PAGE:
June 1st — that’s the date I try to plant my garden.
I always start with starter plants, regardless of what the Rim Country authorities say.
“I start everything from seed except tomatoes and peppers,” say some.
“Melons are warm weather plants, plant from seeds when it’s good and hot,” say others.
Me — I just go to the nursery and stock up — tomatoes, beans, herbs, cucumbers, peppers, zucchini, squash, melons — I love it all.
The first year I moved to Rim Country, I got jazzed to start planting in March after a class by Glen McCombs at his Plant Fair Nursery and a couple of warm days.
Spring in the Rim Country comes in fits and starts. A couple of warm days set you up for a week of bitter cold, frosts and snow. Hard enough to figure out what to wear, without trying to keep your squash alive.
That first year, I put three tomato plants in pots and shuffled them from porch to dining room. Poor dears, they suffered badly from the cold and wound up permanently stunted.
From then on, I followed the locals’ advice and waited until around the first of June — or in this case Memorial Day weekend.
Others at the Community Garden, such as Mayor Evans, planted sometime in April or May. Of course Mayor Evans’ experience as a professional farmer having 2,000 acres of land under cultivation in Yuma didn’t hurt his green thumb.
So, Mayor Evans now has corn that’s boot high, bushy beans and robust tomato plants.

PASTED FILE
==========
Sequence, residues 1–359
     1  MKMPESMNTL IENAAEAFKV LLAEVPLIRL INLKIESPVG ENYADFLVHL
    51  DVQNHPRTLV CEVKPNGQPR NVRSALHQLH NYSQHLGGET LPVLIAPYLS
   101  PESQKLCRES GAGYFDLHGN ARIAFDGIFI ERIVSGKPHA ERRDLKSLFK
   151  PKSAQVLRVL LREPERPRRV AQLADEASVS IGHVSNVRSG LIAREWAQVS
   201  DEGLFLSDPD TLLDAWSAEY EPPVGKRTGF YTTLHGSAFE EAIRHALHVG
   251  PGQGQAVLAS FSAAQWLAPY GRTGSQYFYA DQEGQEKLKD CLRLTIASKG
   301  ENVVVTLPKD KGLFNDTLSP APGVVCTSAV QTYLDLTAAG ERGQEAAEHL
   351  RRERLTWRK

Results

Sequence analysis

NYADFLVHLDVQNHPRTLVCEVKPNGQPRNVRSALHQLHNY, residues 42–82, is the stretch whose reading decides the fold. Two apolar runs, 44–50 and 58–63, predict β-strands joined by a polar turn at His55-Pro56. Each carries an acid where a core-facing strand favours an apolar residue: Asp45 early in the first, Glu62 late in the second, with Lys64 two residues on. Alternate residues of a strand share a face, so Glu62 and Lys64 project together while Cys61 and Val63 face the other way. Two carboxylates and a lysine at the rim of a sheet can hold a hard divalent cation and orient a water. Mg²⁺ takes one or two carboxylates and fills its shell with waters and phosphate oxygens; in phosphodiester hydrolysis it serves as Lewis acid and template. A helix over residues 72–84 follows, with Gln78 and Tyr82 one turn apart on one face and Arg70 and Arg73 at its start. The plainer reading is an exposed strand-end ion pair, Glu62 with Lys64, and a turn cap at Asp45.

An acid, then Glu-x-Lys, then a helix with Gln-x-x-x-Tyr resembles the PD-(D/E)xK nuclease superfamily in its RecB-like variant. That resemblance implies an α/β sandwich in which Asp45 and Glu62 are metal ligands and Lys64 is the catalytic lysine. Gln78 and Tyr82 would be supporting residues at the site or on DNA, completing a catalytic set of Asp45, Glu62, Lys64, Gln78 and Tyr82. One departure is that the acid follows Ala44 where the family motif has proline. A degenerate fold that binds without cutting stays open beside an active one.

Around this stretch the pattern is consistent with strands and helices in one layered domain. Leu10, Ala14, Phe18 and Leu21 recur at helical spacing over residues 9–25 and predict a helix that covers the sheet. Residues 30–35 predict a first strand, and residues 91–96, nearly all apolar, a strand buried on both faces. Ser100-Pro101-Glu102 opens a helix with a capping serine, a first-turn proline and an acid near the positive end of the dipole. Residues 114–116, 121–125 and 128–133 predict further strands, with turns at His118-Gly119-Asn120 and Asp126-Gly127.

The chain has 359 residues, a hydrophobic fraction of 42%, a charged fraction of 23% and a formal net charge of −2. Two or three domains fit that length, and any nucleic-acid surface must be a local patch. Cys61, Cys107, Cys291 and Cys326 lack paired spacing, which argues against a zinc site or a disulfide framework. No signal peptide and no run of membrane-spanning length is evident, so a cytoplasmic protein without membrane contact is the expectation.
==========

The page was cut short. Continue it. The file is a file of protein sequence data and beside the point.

When Evans shows up at the garden, he always wears a dress shirt, spotless jeans, perfectly polished black boots and often a tie. Other Community Gardeners notice the fancy dress.
“Shouldn’t he dress down?” they ask.
But — he’s the mayor!
Still, he draws attention and now that he’s figured out how to keep the crows from eating his corn, his garden plot is quite the attraction.
“When I go to my plot a group is always standing around and I have to wave them away so the sun can get to my plants,” he said.
He’s also amazed at the wealth of gardening knowledge and diversity of crops we can plant in the Rim Country.
Still, his favorite thing about the Community Garden is the camaraderie and learning experiences.
Garden board member Roger Kriemeyer hopes more people would like to come down and participate in the Community Garden experience. “We still have 20 plots available,” he said. “I hope others in the community decide to try the garden.”